There’s a story I like to tell — I’m frankly not sure if it’s true — that more than a few years back a top West Virginia political leader called over to the agency that we now call the Department of Environmental Protection. This politician, an elected official, wanted the agency’s director to issue a coal-mining permit that was being held up over concerns about the damage that might be done.
As the story goes, the agency director assured the elected official that the permit would be issued that day. But, the agency director said, “I’m going to have to put a note in our files that we issued it on your orders. You know the files I mean … the ones that Nyden looks at all the time.” The elected official, without even debating the issue, said, “Just forget it,” and hung up.
That in a nutshell is what Dr. Paul Nyden has meant to West Virginia. I’ve often told people that the greatest single piece of journalism in West Virginia history is “Who Owns West Virginia,” the remarkable project produced in 1974 by Tom Miller, then of the Huntington paper. But for my money, no one reporter’s career has lived up to former Gazette publisher Ned Chilton’s mandate for “sustained outrage” more than Dr. Nyden’s has.
As many readers probably know, we’ve been going through a difficult process here at Charleston Newspapers, as we combined the newsrooms of The Charleston Gazette and the Charleston Daily Mail into one newsroom for the new Charleston Gazette-Mail. This morning’s paper included the news that, as a part of that process, Paul is retiring.
Obviously, this is a huge loss — for the Gazette-Mail, for West Virginia, for me and others who have been mentored by Paul, and for anyone who values context and history as part of the coverage of the nation’s coal industry. But I don’t want to write about my friend here as if he’s dead or something. He’s very much full of life — and I look forward to him continuing to contribute to the public discussion about West Virginia’s past, present and future. Hopefully he’ll keep writing book reviews about foreign policy, so I won’t have to read those books myself. And there’s a project or two I have in mind I hope he and I will work on together. Maybe Paul will have more time to take in baseball games.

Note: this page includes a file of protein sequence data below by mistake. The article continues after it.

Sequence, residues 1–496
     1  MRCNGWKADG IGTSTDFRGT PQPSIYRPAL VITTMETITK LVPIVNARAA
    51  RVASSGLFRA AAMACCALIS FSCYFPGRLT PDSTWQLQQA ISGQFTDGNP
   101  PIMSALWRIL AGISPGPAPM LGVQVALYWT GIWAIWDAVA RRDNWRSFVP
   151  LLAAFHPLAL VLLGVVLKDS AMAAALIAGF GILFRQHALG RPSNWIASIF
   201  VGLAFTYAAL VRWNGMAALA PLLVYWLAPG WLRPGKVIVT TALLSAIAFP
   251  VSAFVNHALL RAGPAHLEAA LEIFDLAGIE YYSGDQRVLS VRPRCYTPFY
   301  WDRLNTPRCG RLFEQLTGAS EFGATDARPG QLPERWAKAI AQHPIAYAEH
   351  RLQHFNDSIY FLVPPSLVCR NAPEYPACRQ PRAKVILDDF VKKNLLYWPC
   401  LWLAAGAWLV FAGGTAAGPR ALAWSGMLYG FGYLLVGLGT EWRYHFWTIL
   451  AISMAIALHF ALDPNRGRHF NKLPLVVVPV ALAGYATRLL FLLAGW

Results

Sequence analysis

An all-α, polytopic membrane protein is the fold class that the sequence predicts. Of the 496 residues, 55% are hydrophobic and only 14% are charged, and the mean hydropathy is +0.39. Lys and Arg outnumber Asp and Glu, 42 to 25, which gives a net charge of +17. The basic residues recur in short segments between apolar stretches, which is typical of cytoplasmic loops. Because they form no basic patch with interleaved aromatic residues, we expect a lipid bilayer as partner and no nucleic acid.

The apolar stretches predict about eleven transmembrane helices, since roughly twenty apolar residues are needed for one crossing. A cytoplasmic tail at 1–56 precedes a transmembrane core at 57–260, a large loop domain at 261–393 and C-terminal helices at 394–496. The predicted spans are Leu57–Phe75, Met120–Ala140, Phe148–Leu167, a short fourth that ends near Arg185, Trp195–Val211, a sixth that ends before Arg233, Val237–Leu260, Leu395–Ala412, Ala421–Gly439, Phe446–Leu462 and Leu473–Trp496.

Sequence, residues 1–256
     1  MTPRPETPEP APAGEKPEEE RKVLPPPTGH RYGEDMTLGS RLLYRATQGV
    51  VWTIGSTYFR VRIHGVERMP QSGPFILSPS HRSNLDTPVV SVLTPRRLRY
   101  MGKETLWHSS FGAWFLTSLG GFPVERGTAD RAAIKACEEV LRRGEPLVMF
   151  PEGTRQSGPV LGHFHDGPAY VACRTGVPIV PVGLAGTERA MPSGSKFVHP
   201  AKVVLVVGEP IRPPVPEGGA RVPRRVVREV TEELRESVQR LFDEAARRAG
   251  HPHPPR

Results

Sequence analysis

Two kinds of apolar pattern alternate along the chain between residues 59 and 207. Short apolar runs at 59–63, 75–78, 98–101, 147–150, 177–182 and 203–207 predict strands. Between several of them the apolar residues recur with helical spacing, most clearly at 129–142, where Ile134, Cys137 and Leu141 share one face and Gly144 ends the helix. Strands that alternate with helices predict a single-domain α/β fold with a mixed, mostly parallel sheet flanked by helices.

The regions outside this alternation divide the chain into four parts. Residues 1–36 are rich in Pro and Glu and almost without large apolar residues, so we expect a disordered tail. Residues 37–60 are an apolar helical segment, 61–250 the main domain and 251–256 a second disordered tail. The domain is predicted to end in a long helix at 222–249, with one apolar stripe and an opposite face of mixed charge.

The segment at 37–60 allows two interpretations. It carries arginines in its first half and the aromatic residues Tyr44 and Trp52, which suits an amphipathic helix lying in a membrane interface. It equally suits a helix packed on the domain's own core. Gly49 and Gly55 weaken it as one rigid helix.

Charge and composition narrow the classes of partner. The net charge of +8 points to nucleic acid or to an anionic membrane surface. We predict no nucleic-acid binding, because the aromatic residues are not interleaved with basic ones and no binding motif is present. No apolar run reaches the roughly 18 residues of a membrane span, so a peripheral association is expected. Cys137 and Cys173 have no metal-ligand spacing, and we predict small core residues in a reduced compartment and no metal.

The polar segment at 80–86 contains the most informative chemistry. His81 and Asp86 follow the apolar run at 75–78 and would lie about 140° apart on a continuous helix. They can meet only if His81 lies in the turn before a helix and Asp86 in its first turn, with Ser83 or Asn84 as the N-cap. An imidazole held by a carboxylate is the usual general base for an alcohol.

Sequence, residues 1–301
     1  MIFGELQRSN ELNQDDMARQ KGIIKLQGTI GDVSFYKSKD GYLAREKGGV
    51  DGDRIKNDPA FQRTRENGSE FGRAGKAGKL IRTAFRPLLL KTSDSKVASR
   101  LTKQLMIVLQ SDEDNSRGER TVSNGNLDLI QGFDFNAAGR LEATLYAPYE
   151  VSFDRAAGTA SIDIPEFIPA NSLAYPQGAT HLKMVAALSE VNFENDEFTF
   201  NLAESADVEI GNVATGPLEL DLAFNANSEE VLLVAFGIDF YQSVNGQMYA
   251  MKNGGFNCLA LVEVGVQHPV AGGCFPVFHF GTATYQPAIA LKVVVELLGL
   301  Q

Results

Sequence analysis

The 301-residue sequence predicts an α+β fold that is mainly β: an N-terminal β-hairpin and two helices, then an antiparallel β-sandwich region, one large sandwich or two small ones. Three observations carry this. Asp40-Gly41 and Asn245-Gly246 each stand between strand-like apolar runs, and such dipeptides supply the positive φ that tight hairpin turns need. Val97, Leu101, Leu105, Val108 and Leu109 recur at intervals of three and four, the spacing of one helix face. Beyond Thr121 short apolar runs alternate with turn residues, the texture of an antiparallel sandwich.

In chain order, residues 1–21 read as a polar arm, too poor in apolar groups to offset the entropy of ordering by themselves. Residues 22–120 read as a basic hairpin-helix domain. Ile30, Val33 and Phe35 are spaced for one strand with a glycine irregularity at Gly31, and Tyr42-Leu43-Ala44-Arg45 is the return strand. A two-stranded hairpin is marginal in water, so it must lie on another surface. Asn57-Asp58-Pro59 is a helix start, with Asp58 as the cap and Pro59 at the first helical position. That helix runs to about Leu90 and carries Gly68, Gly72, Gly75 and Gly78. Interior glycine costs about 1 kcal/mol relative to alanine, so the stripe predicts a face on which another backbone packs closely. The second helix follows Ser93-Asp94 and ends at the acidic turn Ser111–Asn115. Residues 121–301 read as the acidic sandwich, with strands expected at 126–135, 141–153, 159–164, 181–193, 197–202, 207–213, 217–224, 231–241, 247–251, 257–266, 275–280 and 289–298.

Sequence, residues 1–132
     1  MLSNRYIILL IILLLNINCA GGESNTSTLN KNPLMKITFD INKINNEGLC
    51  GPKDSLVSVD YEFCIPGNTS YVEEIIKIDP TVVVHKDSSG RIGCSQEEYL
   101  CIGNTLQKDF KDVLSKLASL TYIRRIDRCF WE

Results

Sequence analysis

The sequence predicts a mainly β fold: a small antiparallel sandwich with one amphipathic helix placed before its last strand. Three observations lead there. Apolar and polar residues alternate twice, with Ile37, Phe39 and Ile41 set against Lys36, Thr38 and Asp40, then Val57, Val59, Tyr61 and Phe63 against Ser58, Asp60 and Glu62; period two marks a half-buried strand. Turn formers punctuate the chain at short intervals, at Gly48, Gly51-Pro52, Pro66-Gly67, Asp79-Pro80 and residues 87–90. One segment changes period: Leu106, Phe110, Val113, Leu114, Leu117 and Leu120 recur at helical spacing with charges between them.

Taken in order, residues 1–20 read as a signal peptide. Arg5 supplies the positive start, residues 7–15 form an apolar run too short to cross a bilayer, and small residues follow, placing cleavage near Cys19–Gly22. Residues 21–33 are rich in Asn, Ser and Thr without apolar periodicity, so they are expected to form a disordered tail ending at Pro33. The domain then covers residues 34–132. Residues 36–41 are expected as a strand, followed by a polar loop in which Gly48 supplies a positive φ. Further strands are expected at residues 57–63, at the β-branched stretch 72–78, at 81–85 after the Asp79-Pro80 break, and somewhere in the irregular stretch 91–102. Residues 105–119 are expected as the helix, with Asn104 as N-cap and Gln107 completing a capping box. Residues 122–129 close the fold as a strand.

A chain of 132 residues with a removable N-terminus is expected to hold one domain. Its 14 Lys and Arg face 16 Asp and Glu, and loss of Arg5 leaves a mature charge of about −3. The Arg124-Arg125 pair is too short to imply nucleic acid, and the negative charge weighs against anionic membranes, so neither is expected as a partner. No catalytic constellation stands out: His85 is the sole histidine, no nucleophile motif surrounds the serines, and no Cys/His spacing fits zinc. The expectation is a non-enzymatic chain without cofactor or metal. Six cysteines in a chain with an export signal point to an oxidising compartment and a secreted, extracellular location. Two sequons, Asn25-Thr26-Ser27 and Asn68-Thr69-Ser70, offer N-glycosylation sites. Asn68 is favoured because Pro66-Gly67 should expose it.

This is as good a time as any, though, to stop and think about Paul’s journalism, and remember his contributions and see what the rest of us can learn from them, both about how to do journalism and about what West Virginians might try to do to help move the state forward as the coal industry Paul has covered for so many years continues to decline.
For one thing, Paul’s coverage of the lax permitting and enforcement practices of the old state Department of Energy set the standard for how a local journalist can and should hold a government agency accountable. When I had been at the Gazette barely a month, I was actually assigned to write up a story documenting how the Gazette, through Nyden’s reporting, was really doing DOE’s job for it:
Division of Energy attorney George V. Piper likes to joke that Paul Nyden is the agency’s best investigator. To others, the situation isn’t very funny.
So far this year, the Gazette’s investigative reporter has uncovered more than $1 million in outstanding environmental fines and fees owed to the DOE or the federal Office of Surface Mining by coal companies. Since 1989, Nyden has revealed nearly $2 million in unpaid fines and fees … Perry D. McDaniel, a Charleston lawyer and president of the West Virginia Environmental Council, said, “”It’s a shame The Charleston Gazette has to fund the job that the coal industry should be doing and that is proper review of permit applications, especially with regard to reviewing files for violations and the proper follow-up for the imposition of civil penalties.”
My personal favorite, though, was always a piece from 1990 headlined, “Flashing blue lights reflect a boiling feud within DOE.”
William “Bolts” Willis wants to install flashing blue lights, a siren and a state police radio in a Division of Energy vehicle for his own use. Energy Commissioner Larry George has not approved the request. Willis apparently wants the lights and siren in case he has to drive to a mine disaster.
Flashing blue lights reflect a larger feud boiling up rapidly.
George and Willis, who is George’s administrative assistant, have been attacking each other privately for more than a week.
George believes Willis is trying to torpedo his recent administrative reforms. Willis apparently sees those reforms as a threat to his own turf within the agency.
Willis said Tuesday that he has no problems with George. “We have been friends too long to let anything like this happen,” he said. Willis failed to return several telephone calls on Thursday and Friday.
Behind the scenes, Willis has been lining up support for more than a week from the governor’s office. He has been calling his political allies in the United Mine Workers.